Jul 042010

I hate dogma. I hate it even more when a valid scientific observation becomes dogma.

One case concerns the infamous goto statement in programming languages. It is true that a programming language does not need a goto statement in order to be universal. Unfortunately, this led some, most notably among them the late Edsger Dijkstra, to conclude that goto is actually harmful. While it is true that goto can be misused, and that misusing the constructs of a programming language can lead to bad code, I don’t think goto is unique in this regard (it is certainly no more harmful than pointers, global variables, or the side effects of passing variables by reference, just to name a few examples). Nonetheless, with Dijkstra’s letter on record, the making of a dogma was well under way.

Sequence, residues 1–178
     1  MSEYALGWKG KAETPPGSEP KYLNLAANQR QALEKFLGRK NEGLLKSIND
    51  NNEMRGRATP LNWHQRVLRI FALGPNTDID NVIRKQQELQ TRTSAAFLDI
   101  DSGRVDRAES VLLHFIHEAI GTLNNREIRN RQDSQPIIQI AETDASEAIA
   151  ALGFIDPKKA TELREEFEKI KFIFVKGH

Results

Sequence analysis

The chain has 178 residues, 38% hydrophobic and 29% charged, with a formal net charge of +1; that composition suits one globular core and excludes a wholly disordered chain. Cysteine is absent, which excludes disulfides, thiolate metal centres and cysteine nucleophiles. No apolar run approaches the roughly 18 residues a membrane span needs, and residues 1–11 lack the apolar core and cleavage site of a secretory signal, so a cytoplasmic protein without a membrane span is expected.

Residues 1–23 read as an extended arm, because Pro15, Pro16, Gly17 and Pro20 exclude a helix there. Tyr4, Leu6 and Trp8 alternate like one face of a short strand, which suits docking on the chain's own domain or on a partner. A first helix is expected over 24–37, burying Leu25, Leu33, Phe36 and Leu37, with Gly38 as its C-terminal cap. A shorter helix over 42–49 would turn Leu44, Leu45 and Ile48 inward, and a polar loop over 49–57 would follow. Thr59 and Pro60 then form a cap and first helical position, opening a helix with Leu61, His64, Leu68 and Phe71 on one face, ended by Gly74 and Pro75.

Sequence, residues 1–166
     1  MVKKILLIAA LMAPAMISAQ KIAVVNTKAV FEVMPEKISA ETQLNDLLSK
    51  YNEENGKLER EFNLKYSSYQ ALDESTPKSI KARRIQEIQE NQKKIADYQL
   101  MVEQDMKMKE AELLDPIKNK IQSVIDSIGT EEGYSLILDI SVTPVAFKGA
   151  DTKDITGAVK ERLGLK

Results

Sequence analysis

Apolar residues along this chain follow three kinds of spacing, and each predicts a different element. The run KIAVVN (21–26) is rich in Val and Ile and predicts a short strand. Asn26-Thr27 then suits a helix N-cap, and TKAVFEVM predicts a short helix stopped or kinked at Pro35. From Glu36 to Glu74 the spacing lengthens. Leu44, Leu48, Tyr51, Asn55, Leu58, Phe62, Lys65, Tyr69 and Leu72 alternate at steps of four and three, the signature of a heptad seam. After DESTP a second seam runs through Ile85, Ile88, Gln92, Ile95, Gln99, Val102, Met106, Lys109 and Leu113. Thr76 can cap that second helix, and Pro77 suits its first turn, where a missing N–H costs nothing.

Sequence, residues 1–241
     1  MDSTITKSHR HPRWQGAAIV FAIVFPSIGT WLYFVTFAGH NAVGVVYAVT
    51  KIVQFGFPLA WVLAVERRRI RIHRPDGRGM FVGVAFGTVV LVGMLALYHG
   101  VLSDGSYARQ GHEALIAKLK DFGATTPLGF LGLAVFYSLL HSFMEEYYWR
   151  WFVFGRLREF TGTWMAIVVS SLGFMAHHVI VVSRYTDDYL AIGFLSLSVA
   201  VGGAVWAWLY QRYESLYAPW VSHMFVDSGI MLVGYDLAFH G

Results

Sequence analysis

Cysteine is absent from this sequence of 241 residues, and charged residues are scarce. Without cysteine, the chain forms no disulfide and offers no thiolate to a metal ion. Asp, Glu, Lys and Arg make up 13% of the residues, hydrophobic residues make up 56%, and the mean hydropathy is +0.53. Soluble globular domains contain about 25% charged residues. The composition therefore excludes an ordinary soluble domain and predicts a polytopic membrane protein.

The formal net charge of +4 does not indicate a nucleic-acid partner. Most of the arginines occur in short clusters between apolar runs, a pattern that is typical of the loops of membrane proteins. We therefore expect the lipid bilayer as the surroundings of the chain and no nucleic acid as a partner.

And here I am, some 40 years later, trying to write a simple piece of code the logic of which flows like this:

Do something using X
IF some condition is not satisfied THEN LET X = B and GOTO LABEL

The condition, in particular, is always satisfied when X = B.

Yes, I know how to rewrite the above code using a loop construct, to satisfy structured programming purists. But why should I have to, when the most natural way to express this particular algorithm is through the use of a conditional jump, not a loop? Oh wait… it’s because someone who actually believes in dogma prevailed when the JavaScript was designed, and therefore, goto never made it into the language.

 Posted by at 7:01 pm